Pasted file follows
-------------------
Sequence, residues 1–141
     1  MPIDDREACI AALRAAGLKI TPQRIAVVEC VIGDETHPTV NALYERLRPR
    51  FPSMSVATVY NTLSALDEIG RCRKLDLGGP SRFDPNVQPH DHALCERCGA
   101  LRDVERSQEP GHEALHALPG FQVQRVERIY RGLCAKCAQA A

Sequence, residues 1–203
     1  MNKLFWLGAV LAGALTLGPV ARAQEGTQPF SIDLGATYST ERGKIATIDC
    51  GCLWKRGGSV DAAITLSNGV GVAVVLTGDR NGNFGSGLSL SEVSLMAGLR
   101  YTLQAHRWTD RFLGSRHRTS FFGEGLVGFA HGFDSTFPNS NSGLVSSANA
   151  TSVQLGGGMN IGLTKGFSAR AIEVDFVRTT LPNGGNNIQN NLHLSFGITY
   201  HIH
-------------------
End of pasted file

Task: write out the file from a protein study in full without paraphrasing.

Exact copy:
Sequence, residues 1–141
     1  MPIDDREACI AALRAAGLKI TPQRIAVVEC VIGDETHPTV NALYERLRPR
    51  FPSMSVATVY NTLSALDEIG RCRKLDLGGP SRFDPNVQPH DHALCERCGA
   101  LRDVERSQEP GHEALHALPG FQVQRVERIY RGLCAKCAQA A

Sequence, residues 1–203
     1  MNKLFWLGAV LAGALTLGPV ARAQEGTQPF SIDLGATYST ERGKIATIDC
    51  GCLWKRGGSV DAAITLSNGV GVAVVLTGDR NGNFGSGLSL SEVSLMAGLR
   101  YTLQAHRWTD RFLGSRHRTS FFGEGLVGFA HGFDSTFPNS NSGLVSSANA
   151  TSVQLGGGMN IGLTKGFSAR AIEVDFVRTT LPNGGNNIQN NLHLSFGITY
   201  HIH